Inflammation is usually self-limited and when """"""""uncontrolled"""""""" leads to tissue damage and organ dysfunction. The resolution phase is a series of essential cellular processes that lead from acute inflammation to homeostasis, namely catabasis that has been widely believed to be a passive process 1, 2, 3. In this laboratory, new evidence has emerged indicating that resolution is an active process with the identification of novel specialized lipid-derived mediators (LM) we termed resolvins and docosatrienes (protectins) that limit key events in inflammation and tissue injury. It is now clear that the balance of novel LM within resolution is critical. The focus of this project is the systematic elucidation of further metabolic (likely inactivation) routes within resolution using mediator-lipidomics and in vivo models. In work in progress, we found that resolvins, namely, RvE1 and the docosatriene 10,17-DT, actively counter-regulate murine and human neutrophils (PMN). We will focus on the pathways that metabolically transform these LM and test the hypothesis that: Resolution requires timely metabolic breakdown of pro-resolving lipid mediators. Resolvins and docosatrienes are endogenous anti-inflammatory signals that temporally counter-regulate proinflammatory circuits and govern PMN traffic toward resolution. Local inactivation of these novel endogenous antiinflammatory mediators is essential for catabasis. To this end, four specific aims are proposed, which include:
Aim 1. Establishing the structures and pathways of Rv and DT-derived metabolites in resolution in vivo and human PMN;2. Identify the resolution interval(s) when Rv &DT transformation pathways are operative;3. Determine the actions of the new RvE1 and 10,17-DT-derived metabolites with human PMN;4. Renal transplant rejection and protection studies. Long-term goals for this project are 2-fold: a) to elucidate the inactivation pathways for LM involved in resolution-inflammation and b) to provide biochemical map(s) of these essential resolution pathways to clinicians, knowledge of which can improve current treatments.

National Institute of Health (NIH)
National Institute of Diabetes and Digestive and Kidney Diseases (NIDDK)
Research Project (R01)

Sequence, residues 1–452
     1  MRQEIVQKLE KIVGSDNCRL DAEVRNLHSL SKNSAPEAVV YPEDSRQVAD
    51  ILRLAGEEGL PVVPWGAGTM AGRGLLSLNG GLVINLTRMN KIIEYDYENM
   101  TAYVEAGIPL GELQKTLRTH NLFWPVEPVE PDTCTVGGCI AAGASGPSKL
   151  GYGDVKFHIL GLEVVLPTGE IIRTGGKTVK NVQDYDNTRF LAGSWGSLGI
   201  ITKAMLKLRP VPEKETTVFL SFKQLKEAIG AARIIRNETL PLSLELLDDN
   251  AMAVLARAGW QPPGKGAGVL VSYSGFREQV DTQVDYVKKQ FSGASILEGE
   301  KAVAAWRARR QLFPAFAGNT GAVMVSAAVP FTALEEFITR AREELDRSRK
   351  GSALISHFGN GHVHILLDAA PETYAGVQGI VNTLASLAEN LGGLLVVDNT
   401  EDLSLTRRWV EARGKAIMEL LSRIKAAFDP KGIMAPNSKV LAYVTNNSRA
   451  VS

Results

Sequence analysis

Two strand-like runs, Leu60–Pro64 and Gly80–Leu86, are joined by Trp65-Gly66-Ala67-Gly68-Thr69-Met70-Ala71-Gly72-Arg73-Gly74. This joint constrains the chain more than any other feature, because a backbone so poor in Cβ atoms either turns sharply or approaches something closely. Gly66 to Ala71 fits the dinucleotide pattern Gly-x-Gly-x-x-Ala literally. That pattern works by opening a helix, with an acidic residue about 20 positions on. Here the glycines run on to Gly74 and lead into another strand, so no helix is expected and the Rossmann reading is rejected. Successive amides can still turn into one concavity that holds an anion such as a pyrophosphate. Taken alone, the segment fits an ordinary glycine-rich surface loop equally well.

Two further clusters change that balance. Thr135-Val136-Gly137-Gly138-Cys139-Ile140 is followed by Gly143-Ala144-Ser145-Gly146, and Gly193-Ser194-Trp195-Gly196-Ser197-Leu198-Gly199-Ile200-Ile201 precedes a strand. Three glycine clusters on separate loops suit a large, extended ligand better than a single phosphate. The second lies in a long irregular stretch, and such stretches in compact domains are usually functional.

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Special Emphasis Panel (ZDK1-GRB-B (J1))
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Wright, Daniel G
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Brigham and Women's Hospital
United States
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Recchiuti, Antonio; Krishnamoorthy, Sriram; Fredman, Gabrielle et al. (2011) MicroRNAs in resolution of acute inflammation: identification of novel resolvin D1-miRNA circuits. FASEB J 25:544-60
Serhan, Charles N; Krishnamoorthy, Sriram; Recchiuti, Antonio et al. (2011) Novel anti-inflammatory--pro-resolving mediators and their receptors. Curr Top Med Chem 11:629-47
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Gleissman, Helena; Yang, Rong; Martinod, Kimberly et al. (2010) Docosahexaenoic acid metabolome in neural tumors: identification of cytotoxic intermediates. FASEB J 24:906-15
Spite, Matthew; Serhan, Charles N (2010) Novel lipid mediators promote resolution of acute inflammation: impact of aspirin and statins. Circ Res 107:1170-84
Serhan, Charles N (2010) Novel lipid mediators and resolution mechanisms in acute inflammation: to resolve or not? Am J Pathol 177:1576-91
Bannenberg, Gerard; Serhan, Charles N (2010) Specialized pro-resolving lipid mediators in the inflammatory response: An update. Biochim Biophys Acta 1801:1260-73
Norling, L V; Serhan, C N (2010) Profiling in resolving inflammatory exudates identifies novel anti-inflammatory and pro-resolving mediators and signals for termination. J Intern Med 268:15-24

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